04/12/2006 12:00AM

Tells no be-all but they matter


People communicate things all the time without saying a word. Or they give out information with their words that they had no intention of communicating. In poker vernacular, these types of unintentional, often ambiguous communications are known as tells.

Tells come in all shapes and sizes but the ones most people refer to are physical and verbal tells. They are one of the most misunderstood concepts in poker. Overrated by some, and underrated by others, tells and having an understanding of them - whether you make reading them a large part of your game or not - is one way that the average poker player can try to amp up his game to the next level.

Like the strategies of poker itself, for many of the top-level pros, understanding tells is more about going on instinct than it is on recognizing a simple, linear pattern where tell A indicates hand B. Top European pro Padraig Parkinson described it to me like this:

"A tell isn't always something where I see a person do something specific, and suddenly I know what hand he has. Maybe I recognize something on a subconscious level that reminds me of a situation from a day before, or even years before, and it means the same thing now as it did then. And maybe if you spent hours watching the tape of the hand you could figure out exactly what that thing was, but it's more of a feeling than it is a specific tell."

But, that said, before you can groove your poker instincts to the point where you can pick up tells in this sophisticated way, it's important to recognize familiar examples of common tells - especially for the beginning player. The bible of poker tells is the famous "Caro's Book of Poker Tells" by Mike Caro. One of the main ideas in the book is that in poker usually strong means weak and weak means strong. The guy aggressively thrusting his chips in the middle and staring you down more likely to bluffing, and the guy tentatively muttering, "I guess I'll play this hand," probably has the nuts.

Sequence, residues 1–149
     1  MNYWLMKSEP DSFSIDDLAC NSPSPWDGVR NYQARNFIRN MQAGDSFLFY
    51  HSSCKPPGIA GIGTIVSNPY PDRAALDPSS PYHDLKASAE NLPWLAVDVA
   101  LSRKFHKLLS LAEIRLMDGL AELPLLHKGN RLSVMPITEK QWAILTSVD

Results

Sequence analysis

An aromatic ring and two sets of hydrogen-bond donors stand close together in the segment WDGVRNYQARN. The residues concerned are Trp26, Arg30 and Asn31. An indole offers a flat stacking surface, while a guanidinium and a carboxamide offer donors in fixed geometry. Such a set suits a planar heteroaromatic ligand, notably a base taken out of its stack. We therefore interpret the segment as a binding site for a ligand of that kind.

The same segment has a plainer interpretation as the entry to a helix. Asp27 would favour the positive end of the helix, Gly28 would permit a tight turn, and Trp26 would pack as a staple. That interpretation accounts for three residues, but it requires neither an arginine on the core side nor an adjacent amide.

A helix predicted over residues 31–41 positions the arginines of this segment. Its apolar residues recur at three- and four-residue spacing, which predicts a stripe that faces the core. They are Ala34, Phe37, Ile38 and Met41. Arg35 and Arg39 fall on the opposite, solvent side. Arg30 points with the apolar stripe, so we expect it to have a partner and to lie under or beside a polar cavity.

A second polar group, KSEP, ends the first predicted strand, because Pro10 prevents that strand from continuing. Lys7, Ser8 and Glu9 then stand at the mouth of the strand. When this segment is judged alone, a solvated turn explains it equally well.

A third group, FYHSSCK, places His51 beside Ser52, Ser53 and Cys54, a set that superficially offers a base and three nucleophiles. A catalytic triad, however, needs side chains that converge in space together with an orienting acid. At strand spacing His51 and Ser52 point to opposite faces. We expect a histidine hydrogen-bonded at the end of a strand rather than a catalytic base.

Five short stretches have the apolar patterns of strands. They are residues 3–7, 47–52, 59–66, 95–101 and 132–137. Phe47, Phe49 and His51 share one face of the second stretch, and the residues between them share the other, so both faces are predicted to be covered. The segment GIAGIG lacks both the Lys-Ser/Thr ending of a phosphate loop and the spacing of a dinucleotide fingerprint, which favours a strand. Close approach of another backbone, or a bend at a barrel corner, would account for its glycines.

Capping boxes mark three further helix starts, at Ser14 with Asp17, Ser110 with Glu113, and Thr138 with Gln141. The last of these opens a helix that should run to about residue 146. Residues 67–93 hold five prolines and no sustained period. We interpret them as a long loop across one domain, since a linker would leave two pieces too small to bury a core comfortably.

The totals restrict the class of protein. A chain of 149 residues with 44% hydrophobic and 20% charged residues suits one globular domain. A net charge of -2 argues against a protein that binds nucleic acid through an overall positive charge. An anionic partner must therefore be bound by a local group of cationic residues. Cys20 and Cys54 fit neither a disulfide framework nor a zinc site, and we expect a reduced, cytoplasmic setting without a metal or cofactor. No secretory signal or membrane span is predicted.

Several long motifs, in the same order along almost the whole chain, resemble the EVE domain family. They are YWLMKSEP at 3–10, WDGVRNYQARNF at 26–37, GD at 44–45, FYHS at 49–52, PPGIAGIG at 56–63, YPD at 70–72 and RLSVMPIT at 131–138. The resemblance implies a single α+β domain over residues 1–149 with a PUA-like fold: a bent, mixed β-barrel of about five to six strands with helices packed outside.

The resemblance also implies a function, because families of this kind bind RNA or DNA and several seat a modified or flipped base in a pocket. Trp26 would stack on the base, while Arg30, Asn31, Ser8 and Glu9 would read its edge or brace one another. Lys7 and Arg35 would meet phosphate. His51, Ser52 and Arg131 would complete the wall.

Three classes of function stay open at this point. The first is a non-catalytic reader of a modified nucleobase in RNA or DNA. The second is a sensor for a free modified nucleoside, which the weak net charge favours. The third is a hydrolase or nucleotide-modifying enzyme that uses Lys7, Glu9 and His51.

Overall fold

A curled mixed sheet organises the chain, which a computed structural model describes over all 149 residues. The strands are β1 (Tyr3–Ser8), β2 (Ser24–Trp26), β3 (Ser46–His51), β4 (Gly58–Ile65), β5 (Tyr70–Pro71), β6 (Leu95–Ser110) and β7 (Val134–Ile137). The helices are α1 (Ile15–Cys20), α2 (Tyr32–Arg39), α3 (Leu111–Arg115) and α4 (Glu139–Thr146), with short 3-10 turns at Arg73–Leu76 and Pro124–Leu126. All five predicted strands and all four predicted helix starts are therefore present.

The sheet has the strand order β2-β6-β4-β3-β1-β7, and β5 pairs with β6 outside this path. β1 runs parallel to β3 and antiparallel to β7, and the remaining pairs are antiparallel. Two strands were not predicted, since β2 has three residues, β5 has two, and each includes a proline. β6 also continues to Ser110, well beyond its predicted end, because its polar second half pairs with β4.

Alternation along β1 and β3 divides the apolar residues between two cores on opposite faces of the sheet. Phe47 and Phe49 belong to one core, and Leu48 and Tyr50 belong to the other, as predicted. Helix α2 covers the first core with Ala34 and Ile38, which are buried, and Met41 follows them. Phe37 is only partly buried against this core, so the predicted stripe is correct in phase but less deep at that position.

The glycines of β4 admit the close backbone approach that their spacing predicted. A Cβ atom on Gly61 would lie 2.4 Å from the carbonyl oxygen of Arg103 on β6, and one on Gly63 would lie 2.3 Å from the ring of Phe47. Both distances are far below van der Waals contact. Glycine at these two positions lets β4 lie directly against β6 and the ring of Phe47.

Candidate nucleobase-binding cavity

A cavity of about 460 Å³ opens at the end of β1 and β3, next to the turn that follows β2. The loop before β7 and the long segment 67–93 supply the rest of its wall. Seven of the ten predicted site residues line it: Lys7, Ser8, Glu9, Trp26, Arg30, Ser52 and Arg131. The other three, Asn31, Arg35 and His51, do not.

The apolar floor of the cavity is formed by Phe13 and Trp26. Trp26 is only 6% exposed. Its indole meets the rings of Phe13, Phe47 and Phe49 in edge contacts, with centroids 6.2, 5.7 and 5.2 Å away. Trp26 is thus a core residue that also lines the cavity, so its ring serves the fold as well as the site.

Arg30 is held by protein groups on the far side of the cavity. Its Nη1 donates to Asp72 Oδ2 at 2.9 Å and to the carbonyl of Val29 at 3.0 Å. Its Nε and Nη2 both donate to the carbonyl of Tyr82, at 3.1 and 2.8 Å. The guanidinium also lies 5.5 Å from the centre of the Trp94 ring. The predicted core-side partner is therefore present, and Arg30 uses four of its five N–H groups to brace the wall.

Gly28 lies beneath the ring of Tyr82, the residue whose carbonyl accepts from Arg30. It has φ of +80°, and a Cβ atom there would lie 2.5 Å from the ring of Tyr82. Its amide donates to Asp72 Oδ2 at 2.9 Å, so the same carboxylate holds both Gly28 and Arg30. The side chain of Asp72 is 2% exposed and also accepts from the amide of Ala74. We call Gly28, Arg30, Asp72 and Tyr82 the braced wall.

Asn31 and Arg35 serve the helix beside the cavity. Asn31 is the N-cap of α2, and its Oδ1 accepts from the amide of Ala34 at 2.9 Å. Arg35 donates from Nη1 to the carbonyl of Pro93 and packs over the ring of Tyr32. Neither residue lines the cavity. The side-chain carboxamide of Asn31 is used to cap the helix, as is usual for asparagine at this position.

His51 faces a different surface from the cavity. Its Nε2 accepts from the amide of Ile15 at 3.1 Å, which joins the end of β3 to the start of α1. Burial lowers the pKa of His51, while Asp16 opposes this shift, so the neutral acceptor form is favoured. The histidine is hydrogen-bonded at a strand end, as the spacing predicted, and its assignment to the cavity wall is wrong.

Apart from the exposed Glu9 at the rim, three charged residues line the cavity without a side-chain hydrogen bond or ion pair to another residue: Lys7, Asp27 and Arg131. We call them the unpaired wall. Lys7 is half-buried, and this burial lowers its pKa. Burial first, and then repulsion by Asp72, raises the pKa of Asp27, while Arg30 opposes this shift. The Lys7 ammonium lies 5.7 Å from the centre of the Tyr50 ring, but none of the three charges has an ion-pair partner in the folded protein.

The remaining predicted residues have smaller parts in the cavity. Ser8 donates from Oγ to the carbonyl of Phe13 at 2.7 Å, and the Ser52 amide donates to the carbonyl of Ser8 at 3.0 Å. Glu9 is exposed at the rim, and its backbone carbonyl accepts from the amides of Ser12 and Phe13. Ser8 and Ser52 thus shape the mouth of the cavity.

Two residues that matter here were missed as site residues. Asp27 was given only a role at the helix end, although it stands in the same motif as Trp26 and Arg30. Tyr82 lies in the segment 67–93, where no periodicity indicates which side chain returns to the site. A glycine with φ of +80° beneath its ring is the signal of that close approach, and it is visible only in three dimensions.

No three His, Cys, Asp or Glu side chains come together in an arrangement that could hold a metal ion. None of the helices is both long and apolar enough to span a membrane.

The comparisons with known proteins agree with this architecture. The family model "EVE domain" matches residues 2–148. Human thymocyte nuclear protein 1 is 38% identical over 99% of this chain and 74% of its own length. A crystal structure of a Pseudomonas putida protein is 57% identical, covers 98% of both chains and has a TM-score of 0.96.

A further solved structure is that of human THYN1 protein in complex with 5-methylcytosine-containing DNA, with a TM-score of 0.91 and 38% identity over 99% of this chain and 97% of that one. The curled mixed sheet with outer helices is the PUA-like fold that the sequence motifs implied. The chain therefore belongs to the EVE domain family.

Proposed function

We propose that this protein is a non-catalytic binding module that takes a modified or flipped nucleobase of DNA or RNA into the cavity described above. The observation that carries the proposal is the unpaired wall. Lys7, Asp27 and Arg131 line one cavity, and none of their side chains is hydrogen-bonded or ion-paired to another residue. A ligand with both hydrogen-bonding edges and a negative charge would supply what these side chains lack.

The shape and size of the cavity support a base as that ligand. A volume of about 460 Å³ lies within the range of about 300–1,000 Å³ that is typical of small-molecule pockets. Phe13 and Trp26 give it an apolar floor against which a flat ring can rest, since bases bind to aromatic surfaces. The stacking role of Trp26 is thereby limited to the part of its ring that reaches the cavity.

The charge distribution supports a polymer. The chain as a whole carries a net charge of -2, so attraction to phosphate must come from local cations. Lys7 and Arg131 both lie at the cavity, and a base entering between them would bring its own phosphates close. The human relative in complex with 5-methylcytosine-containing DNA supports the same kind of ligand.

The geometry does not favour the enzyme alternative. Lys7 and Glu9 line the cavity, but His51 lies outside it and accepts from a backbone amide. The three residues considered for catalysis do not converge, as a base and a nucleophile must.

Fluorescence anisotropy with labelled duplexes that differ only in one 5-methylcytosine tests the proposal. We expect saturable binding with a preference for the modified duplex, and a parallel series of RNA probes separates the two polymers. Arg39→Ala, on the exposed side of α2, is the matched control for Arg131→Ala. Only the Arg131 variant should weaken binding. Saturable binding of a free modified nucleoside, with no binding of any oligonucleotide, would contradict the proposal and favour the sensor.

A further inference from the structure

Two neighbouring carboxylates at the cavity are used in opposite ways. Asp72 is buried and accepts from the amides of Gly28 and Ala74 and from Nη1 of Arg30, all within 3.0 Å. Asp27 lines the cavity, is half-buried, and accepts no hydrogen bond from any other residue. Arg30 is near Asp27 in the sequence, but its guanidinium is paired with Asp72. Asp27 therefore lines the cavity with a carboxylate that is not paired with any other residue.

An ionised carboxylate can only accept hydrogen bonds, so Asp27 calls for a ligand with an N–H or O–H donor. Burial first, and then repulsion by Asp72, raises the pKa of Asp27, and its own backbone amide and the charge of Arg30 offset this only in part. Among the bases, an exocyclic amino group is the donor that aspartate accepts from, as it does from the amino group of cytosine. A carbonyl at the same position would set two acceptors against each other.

The book has become such a force that it's not uncommon to see examples of players self-consciously doing false tells by acting in the opposite manner of what a Caro disciple might expect. They might suddenly take interest in a hand with which they're actually bluffing or maybe fire a forceful bet at the pot with a genuinely good hand hoping that you've read Caro and will call them all the way down.

This is what I'm talking about when I talk about those who overrate tells. Overrate isn't even the right word really, oversimplify is probably better. It's important to understand tell theory, but as with many things in poker, a blind adherence to one-way logic is going to hurt your game a lot more than it's going to help it.

At the same time, I'm not diminishing the idea of tells in general or the Caro book in particular. On the contrary, there's no better place to get acquainted with the basics than the "Caro's Book of Poker Tells." And without an understanding of how tells work at Level One - or at least of how a lot of your opponents think they work at Level One - you'll be at a serious disadvantage. To me, people who think that tells don't matter just because they're often difficult to understand aren't seeing the poker table for the felt - in poker, anything that helps you answer the fundamental question of what cards your opponent is holding is essential.

It's also important to know that tells alone, especially just physical tells, are not going to be enough to make you a winning player. You need to know the fundamentals of how to play and the ability to read your opponents' straightforward actions. Physical tells are often going to be less important than the other tells you can get by following your opponents' betting patterns and using logic and game theory to deduce what cards they have. But even if physical tells only provide you with a few extra percentage points in edge, aren't they worth trying to understand? That extra edge could easily be the difference between winning and losing. And maybe it could be the difference between being someone who grinds it out and being someone who soars into the upper echelon of poker players.

Peter Thomas Fornatale is co-author of "Six Secrets of Successful Bettors" (DRF Press).